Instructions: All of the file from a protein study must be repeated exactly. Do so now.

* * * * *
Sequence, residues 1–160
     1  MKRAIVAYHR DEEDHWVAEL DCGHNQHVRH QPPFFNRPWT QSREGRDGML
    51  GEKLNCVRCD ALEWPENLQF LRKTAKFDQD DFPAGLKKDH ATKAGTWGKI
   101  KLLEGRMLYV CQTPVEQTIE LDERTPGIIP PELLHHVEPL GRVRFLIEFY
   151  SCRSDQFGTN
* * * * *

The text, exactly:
Sequence, residues 1–160
     1  MKRAIVAYHR DEEDHWVAEL DCGHNQHVRH QPPFFNRPWT QSREGRDGML
    51  GEKLNCVRCD ALEWPENLQF LRKTAKFDQD DFPAGLKKDH ATKAGTWGKI
   101  KLLEGRMLYV CQTPVEQTIE LDERTPGIIP PELLHHVEPL GRVRFLIEFY
   151  SCRSDQFGTN